Virginia Commonwealth University policy analyst Jack Brandt (pictured) is like a lot of young professionals.
The 31-year old works, socializes and is looking to move ahead in the world.
But unlike most other people in his position, Brandt, a former Boy Scout who has a degree in political science and philosophy, has cerebral palsy. He gets around in a motorized wheelchair and needs help with basic functions.
Other than the frustration of not being able to always communicate his points verbally, life is good, Brandt said.
Brandt is one of thousands of disabled Virginians working throughout the state every day. Their disabilities range from intellectual to severely physical, but in most cases the disabilities don't interfere with their duties.
Virginia's Department of Health and Rehabilitative Services is pushing businesses to bring even more disabled people into the workforce.
"We have to work with employers to get the word out" that there is an untapped workforce, said Joseph Ashley, assistant commissioner for grants and special programs at the state agency. Ashley is blind.
The agency works with businesses to find qualified applicants, to find ways to make the workplace accessible to people with disabilities, to train current employees and to find tax incentives for those who hire the disabled.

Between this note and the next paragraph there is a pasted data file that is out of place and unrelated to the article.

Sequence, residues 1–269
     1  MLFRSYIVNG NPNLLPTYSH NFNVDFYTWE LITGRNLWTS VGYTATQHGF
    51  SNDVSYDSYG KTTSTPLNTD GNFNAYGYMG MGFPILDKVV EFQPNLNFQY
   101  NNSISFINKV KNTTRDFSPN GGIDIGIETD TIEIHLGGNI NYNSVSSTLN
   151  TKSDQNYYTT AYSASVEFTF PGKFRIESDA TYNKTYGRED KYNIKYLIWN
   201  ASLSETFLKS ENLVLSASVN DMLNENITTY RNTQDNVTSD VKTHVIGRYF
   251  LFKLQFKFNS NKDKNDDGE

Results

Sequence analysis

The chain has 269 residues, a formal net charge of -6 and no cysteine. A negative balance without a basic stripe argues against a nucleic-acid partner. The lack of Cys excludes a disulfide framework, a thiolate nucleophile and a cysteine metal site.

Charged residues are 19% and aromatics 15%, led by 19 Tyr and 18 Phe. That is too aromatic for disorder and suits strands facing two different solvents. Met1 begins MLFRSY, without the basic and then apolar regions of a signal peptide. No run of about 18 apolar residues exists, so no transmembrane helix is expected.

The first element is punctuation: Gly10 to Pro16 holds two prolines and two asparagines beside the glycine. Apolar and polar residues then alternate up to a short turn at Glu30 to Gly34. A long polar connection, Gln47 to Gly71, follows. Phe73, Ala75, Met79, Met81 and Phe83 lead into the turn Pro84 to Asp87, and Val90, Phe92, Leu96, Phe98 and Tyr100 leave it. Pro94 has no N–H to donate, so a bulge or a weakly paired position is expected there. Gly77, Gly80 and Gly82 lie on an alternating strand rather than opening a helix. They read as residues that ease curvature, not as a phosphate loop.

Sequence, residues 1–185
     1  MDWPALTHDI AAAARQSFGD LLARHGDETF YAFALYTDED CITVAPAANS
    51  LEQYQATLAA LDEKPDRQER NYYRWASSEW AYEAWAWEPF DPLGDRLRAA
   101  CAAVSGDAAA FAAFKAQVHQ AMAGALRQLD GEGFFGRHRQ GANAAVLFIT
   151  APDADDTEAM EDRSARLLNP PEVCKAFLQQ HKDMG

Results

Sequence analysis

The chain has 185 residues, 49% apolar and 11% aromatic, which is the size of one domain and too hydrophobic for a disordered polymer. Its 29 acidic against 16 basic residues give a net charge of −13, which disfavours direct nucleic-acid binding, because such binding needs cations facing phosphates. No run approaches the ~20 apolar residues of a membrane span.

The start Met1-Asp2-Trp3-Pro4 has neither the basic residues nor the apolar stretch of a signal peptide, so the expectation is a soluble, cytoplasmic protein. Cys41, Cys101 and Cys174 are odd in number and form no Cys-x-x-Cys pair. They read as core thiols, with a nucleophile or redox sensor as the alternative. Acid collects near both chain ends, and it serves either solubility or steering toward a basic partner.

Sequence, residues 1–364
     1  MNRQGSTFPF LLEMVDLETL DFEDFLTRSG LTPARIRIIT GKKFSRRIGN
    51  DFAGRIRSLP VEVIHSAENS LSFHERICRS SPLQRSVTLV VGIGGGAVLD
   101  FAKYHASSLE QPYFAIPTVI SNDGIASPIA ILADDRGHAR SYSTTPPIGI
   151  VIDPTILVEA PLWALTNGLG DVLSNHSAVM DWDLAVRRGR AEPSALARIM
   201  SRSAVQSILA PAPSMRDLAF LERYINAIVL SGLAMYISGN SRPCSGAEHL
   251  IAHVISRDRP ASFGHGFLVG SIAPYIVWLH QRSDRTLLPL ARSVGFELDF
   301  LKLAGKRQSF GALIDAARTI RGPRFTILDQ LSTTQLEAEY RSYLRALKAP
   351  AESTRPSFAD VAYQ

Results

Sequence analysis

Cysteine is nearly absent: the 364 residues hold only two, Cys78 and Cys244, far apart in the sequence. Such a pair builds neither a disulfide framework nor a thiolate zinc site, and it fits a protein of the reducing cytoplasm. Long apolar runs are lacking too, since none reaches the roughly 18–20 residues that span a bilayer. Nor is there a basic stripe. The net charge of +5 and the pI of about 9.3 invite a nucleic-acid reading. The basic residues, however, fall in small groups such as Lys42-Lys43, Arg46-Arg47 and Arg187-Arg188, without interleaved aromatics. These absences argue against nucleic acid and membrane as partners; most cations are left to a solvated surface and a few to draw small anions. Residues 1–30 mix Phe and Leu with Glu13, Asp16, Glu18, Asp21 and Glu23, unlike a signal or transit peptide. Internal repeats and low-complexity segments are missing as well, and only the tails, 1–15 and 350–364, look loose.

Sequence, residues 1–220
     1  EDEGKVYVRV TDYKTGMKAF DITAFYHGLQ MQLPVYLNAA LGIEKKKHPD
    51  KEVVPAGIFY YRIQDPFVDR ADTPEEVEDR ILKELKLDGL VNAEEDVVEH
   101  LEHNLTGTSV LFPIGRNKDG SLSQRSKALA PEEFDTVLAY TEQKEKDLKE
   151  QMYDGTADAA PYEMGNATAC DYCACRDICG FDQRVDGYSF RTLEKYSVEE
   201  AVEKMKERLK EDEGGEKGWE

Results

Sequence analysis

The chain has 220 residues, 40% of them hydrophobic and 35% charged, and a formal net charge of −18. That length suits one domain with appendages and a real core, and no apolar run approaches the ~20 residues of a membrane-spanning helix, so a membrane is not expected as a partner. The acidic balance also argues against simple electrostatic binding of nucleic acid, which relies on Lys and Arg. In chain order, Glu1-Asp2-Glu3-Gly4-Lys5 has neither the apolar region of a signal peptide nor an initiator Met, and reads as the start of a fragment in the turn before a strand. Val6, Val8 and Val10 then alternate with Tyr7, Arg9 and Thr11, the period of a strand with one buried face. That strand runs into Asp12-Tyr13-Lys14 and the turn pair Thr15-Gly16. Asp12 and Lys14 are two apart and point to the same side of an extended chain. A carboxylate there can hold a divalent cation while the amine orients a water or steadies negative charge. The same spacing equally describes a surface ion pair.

It also works with the disabled to find and maintain jobs as well as providing resources, including tips on how to earn more money without the risk of losing Medicare or Social Security the current difficulties in the job market for the disabled.
While the jobless rate for the general workforce has been inching downward in recent months, the unemployment rate nationally for the disabled in March was 15.6 percent, up from 13.9 in March 2010, according to the U.S. Bureau of Labor and Statistics.
"It is staggeringly high," Doug Payne, director of communications for Greater Richmond ARC, said of the unemployment rate.
ARC provides training and jobs at its center in North Richmond and elsewhere for more than 220 people with physical and intellectual disabilities.